Although these precepts may be misunderstood by many today, the fundamental vocation of the Catholic Church is to provide the witness of love and truth to the world, including offering the voice of an informed conscience. Catholics are taught to respect the fundamental, inherent dignity of every person, each made in the image of God, and to work to establish a just society. The church teaches that it is our obligation to manifest love of neighbor, to provide charitable service to others, and to promote truth, genuine freedom and authentic humanism. We work for the poor, the oppressed and the suffering, because that is what our faith teaches we must do. There is thus a positive side to being dogmatic: The teachings and works of the church advance the common good throughout civil society. Just as our dogma is constant, so is the work it commands.

The Archdiocese of Washington is the largest nongovernmental provider of social services in our area: Seventy-five programs in 48 locations offer assistance to whoever needs it, regardless of religion, race, gender, nationality or sexual orientation. Each year, more than 100,000 people in the Washington area rely on Catholic charitable organizations for housing, food, job training, immigration assistance, legal aid, dental care, mental health care, lifespan services for those with disabilities and their families and prenatal care and assistance for vulnerable pregnant women and unwed mothers.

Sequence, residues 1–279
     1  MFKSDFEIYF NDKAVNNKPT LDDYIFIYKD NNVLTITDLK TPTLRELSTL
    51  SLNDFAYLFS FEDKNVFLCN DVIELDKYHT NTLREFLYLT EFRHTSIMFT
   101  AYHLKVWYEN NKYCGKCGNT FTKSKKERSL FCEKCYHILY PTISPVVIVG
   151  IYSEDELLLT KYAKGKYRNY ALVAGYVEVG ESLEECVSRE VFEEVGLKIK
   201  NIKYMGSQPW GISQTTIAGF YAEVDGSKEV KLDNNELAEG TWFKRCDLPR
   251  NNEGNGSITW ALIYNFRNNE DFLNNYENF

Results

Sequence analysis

Catholic hospitals provide millions of dollars’ worth of uncompensated care every year to our poor and vulnerable, and Catholic schools save taxpayers hundreds of millions of dollars annually in per-pupil costs.

The church does not do these things for money or profit or because they’re nice to do. When the church treats the sick and injured, or feeds the hungry, or teaches, or provides assistance to those in need, it does so as an answer to the call made by Jesus Christ. We are obligated to do these and other works of mercy and to give voice to moral truth because He asks us to.